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Mapping Georgia’s Uninsured

Approximately 1.9 million Georgians are uninsured, among the highest in the nation. Our new interactive resource, Mapping Georgia’s Uninsured, visually displays detailed information on Georgia’s uninsured population by age, income, and region. Click on the shaded regions within each map to see the total number of uninsured by age and income, uninsured rate, and the number of Georgians who would be eligible for Medicaid within each region if Georgia policymakers chose to expand the program. This mapping resource is part of our Cover Georgia initiative to educate policymakers and the public about Georgia’s uninsured, the benefits of coverage, and the opportunity the Medicaid expansion presents for Georgia patients, consumers, providers, and the state’s economy. To view the interactive maps, click here.

 

 

 


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Cover Georgians, improve access to care

This commentary originally appeared in the Atlanta Journal-Constitution on September 6th, 2012.

 

By Cindy Zeldin

 

Nearly 2 million Georgians are uninsured; that number is among the highest in the nation.

 

Georgia policymakers have long recognized this problem as a tragic reality for the one in five Georgians who struggle to access medical care when they need it, as a strain on our state’s health care delivery system, and as a weight on Georgia’s economy.

 

Until now, however, they haven’t had the tools and resources to comprehensively address it.

 

What has changed?

 

The Affordable Care Act  put in place a basic framework to ensure that all Americans have a pathway to affordable health care coverage. This framework has three key components. First, those of us who get health insurance at work as an employee benefit will continue to do so.Second, new health insurance marketplaces, or “exchanges,” will come on line in just over a year to help consumers who don’t have employee coverage at work find an affordable health plan that meets their needs. Third, a new category of eligibility for Medicaid was created for the lowest-income consumers, many of whom work in low-wage jobs that don’t come with health insurance, yet earn too little money to afford a private health insurance policy.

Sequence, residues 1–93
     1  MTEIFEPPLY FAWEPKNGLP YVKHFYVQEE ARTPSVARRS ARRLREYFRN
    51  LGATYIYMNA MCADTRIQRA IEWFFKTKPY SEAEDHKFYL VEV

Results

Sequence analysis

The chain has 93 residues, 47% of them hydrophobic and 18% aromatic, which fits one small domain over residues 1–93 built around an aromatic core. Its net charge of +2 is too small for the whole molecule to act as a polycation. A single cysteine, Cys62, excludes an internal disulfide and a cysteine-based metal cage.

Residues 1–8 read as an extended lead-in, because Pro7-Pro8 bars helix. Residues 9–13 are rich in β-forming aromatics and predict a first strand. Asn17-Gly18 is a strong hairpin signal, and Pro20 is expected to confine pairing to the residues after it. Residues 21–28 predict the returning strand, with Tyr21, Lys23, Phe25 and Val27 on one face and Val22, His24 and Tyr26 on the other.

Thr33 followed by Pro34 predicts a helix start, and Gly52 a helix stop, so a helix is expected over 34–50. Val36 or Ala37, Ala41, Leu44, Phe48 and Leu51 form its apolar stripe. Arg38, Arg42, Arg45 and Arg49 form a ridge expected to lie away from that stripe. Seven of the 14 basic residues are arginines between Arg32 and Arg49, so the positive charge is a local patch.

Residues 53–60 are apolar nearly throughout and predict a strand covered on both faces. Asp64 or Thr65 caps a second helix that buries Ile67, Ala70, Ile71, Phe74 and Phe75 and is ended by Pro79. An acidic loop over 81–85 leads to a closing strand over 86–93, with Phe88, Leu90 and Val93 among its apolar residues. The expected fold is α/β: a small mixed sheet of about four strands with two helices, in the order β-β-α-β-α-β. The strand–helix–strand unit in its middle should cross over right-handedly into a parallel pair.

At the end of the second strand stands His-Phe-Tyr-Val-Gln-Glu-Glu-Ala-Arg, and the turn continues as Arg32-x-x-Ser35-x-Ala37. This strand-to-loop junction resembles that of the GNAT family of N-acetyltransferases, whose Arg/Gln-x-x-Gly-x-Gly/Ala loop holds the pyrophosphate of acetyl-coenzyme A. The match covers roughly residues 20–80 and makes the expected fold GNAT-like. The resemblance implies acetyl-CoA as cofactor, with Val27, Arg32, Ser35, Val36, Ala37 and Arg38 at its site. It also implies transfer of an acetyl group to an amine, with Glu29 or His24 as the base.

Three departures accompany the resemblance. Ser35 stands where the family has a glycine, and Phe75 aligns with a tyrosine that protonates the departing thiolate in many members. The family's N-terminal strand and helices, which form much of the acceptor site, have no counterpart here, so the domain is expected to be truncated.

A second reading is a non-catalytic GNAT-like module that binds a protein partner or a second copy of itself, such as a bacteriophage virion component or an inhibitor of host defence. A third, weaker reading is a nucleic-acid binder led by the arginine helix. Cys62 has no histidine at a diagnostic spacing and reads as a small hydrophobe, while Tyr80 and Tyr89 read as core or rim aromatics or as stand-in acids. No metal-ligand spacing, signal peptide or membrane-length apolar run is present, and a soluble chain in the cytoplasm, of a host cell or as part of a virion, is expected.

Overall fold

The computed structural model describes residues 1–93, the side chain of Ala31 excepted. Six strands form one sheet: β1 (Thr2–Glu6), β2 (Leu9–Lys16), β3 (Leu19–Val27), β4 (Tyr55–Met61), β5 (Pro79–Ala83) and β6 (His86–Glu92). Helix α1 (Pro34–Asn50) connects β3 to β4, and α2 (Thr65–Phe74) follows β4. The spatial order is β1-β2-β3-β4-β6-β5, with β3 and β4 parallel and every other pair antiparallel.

In June, the U.S. Supreme Court upheld the constitutionality of the Affordable Care Act but ruled that states could choose whether or not to implement that third component, the Medicaid expansion.

 

Covering the lowest-income uninsured through Medicaid will provide access to basic prevention and treatment services that uninsured Georgians lack today. A landmark study published last year by the National Bureau of Economic Research found that people who gained coverage through Medicaid were more likely to access preventive services and have a usual source of care than their uninsured counterparts. A study published in the New England Journal of Medicine found that states that expanded Medicaid saw lower mortality rates, even after taking into account a range of other factors, than their neighboring states who did not.